Tuesday, June 3, 2014

The Icon: Yves Saint Laurent

No film is as fashionable as a film about fashion.

When creating a Bildungsroman-esque film about an iconic French fashion designer, it is safe to assume that there will be a fair share of risk involved. But when you have said fashion designer's business partner's / long-term companion's approval, you may rest assured that you have a hit.

Yves Saint Laurent chronicles the designer's life and career, from when he first became head designer at Christian Dior at the youthful age of 21, how he created his own brand as a result of being fired, how he came to struggle with drug-abuse whilst partying with the likes of Andy Warhol, as well as the pressure and anxiety that came with being one of the world's most influential designers.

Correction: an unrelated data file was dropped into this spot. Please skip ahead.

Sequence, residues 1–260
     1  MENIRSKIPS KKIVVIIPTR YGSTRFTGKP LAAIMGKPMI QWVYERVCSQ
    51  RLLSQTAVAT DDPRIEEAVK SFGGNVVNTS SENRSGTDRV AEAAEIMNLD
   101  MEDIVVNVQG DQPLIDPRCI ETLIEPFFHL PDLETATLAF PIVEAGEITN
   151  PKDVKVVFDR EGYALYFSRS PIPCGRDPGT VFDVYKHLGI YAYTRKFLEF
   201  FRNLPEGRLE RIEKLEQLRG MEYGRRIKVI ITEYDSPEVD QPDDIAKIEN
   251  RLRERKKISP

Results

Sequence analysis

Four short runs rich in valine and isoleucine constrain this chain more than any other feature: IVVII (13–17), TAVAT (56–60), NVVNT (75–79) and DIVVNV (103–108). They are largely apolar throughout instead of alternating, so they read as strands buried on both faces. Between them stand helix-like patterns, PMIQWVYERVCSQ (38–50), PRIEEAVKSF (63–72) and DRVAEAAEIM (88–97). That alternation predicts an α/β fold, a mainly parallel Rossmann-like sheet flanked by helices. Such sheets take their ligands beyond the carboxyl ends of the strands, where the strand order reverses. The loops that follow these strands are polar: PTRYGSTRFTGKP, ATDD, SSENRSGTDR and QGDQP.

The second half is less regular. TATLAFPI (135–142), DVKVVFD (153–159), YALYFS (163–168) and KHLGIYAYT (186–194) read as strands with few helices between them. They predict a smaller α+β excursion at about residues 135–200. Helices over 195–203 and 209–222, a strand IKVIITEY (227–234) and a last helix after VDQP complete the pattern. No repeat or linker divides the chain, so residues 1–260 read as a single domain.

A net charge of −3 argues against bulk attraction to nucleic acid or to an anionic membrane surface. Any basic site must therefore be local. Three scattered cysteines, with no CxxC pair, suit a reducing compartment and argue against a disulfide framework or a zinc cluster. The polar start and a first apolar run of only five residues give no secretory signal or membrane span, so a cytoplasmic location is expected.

Oh yes, and most importantly, at the heart of the film is the tempestuous and, at times, heartbreaking love story between Yves (played by Pierre Niney) and Pierre Bergé (Guillaume Gallienne) that lasted until the designer's death in 2008.

In fact, it was Bergé's assistance that made this film as true-to-life as possible; he loaned 77 vintage YSL outfits to the production, many of which were iconic signature looks of the designer's. This is perhaps one of the best aspects of the film, as it works as a historical exhibition-like feature, providing a context and setting for his creations. 

If you're obsessed with the fashion industry, you will also be delighted to catch several glimpses of the one-and-only Karl Lagerfeld (Nikolai Kinski) in his youth, and Yves's early model/muse Victoire Doutreleau (Charlotte Le Bon), as well as his later muse Loulou de la Falaise (Laura Smet). 

It will be interesting to see how Saint Laurent, another French biopic that will be released later this year, will fair compared to this gem. It will star Gaspard Ulliel (young Hannibal Lecter from Hannibal Rising (2007), hmm...) as Yves, Jérémie Renier as Bergé, and It-Girl of the moment Léa Seydoux as Loulou.

It may be rather scandalous, seeing as real-life Bergé did not support that project.

No comments:

Post a Comment

Was it stylish for you?